drizzle drop

drizzle drop

[′driz·əl ‚dräp]
(meteorology)
A drop of water of diameter 0.2 to 0.5 millimeter falling through the atmosphere; however, all water drops of diameter greater than 0.2 millimeter are frequently termed raindrops, as opposed to cloud drops.
McGraw-Hill Dictionary of Scientific & Technical Terms, 6E, Copyright © 2003 by The McGraw-Hill Companies, Inc.
References in periodicals archive ?
"You have to have a kind of drizzle drop, which happens in very intense showers where there is lots of mist.
Drizzle drops, those less than 0.5 millimeter across, are essentially spherical.
The finding should improve understanding of clouds and precipitation formation, as clouds with more vigorous turbulence could have a much stronger clustering signal, which in turn may influence the rate of the droplets' collision in forming drizzle drops. The study could also enhance global climate research, because clustering decreases the lifespan of clouds and subsequently affects the radiation budget and climate.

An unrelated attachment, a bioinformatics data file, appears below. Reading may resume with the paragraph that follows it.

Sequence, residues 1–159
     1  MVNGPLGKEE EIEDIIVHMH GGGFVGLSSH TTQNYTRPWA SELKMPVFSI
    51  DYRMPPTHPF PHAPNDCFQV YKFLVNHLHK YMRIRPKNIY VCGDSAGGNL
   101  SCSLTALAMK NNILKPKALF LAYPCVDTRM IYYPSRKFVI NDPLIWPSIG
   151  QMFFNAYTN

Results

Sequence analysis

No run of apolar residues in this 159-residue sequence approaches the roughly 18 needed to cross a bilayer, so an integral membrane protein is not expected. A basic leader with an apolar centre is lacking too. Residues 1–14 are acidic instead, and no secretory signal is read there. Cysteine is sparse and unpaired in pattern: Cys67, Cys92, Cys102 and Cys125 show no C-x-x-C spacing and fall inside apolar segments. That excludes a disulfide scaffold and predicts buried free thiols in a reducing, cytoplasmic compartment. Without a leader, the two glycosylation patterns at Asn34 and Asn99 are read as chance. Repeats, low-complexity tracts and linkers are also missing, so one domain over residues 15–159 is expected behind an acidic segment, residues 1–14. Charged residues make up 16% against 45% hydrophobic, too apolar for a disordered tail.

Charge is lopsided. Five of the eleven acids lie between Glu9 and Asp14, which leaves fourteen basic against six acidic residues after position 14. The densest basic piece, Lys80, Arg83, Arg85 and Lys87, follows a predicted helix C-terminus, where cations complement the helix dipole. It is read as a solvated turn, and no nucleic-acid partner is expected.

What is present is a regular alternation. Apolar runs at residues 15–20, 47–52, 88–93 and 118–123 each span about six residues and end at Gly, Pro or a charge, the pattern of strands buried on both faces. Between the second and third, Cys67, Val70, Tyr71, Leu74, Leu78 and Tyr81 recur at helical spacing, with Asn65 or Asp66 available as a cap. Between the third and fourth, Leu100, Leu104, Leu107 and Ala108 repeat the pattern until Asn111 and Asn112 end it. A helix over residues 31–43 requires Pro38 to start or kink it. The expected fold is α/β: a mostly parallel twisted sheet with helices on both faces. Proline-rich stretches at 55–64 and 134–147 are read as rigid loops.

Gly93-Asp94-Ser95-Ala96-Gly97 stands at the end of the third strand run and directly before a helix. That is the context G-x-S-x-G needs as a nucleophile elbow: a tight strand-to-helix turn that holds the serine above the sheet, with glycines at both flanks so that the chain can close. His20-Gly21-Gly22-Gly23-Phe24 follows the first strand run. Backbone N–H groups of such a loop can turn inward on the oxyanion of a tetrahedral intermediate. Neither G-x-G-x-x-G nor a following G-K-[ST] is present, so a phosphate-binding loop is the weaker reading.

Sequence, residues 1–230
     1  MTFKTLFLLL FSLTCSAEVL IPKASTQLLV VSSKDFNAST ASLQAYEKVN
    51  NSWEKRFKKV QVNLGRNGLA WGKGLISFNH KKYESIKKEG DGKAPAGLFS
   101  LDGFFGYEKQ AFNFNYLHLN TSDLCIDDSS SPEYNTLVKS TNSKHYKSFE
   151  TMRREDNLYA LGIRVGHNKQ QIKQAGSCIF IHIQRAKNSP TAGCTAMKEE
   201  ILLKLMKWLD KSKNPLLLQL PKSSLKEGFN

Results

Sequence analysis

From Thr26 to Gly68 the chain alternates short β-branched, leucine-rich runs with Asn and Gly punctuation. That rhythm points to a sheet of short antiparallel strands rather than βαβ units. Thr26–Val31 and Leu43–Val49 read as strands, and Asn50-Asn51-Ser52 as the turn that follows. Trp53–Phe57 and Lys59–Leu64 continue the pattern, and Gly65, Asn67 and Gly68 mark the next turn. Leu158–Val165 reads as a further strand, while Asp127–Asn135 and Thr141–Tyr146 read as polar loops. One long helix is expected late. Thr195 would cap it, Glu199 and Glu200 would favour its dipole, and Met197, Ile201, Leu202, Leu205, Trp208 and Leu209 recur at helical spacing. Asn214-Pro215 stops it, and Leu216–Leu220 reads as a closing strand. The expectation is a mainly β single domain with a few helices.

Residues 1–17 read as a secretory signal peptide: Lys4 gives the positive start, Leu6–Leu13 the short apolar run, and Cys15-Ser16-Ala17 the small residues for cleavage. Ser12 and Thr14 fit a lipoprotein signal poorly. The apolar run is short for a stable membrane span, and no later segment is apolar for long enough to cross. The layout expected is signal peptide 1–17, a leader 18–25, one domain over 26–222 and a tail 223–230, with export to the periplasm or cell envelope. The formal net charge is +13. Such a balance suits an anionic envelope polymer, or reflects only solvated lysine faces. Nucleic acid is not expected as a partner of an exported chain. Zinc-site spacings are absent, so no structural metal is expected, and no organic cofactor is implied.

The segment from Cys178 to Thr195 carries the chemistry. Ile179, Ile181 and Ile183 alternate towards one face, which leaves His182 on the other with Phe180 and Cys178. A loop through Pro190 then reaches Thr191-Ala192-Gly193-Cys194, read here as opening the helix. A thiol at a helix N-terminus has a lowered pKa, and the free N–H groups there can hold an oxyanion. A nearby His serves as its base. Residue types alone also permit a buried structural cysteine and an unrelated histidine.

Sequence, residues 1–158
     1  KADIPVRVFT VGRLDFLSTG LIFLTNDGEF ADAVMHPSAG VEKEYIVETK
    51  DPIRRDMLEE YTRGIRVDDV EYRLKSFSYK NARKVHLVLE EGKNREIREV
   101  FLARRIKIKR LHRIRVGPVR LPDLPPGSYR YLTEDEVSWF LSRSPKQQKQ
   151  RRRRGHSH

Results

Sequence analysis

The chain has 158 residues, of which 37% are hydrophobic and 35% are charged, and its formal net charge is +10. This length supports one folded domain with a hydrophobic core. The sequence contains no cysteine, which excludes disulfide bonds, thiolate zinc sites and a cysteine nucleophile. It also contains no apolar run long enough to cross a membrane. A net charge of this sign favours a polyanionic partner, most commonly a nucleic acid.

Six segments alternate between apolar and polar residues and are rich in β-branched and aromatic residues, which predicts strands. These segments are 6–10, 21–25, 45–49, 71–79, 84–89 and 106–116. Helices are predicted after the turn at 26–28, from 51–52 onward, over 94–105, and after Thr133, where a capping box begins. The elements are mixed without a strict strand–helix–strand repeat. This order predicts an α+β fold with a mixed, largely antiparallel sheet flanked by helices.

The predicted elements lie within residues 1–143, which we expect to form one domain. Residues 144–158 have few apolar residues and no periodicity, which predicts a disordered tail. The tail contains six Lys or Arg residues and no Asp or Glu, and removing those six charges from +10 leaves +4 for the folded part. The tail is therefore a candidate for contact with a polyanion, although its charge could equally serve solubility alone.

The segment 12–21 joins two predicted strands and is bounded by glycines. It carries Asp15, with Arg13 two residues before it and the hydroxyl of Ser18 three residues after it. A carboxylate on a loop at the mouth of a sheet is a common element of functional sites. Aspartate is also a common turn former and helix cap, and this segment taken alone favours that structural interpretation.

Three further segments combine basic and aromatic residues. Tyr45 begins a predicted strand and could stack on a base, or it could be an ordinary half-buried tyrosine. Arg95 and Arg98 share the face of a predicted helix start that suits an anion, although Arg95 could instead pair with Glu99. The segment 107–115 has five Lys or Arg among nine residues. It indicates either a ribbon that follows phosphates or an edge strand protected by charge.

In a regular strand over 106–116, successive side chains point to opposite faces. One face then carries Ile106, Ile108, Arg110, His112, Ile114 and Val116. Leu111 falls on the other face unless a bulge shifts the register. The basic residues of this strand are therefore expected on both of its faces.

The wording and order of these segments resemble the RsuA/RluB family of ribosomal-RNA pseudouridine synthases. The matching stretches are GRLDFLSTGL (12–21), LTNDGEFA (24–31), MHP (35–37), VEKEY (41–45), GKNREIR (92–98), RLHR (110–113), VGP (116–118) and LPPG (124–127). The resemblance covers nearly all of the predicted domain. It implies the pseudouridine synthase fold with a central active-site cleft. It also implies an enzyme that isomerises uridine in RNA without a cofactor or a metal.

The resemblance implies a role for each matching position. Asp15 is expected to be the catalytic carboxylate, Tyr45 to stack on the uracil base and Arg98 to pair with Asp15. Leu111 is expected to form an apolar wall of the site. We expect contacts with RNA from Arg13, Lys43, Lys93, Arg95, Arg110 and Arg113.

Drizzle drops are typically 200 to 500 microns in diameter with freezing rain consisting of drops 1,000 to 3,000 microns in diameter or about one to three millimeters.
Observational constraints on these bulk rates can be derived from in situ observations of the drop size distribution, but constraints from Doppler radar in conjunction with passive shortwave and microwave measurements can help constrain the rates of conversion of cloud droplets to drizzle drops and determine the sensitivity of bulk microphysical parameterizations to cloud droplet and aerosol concentration.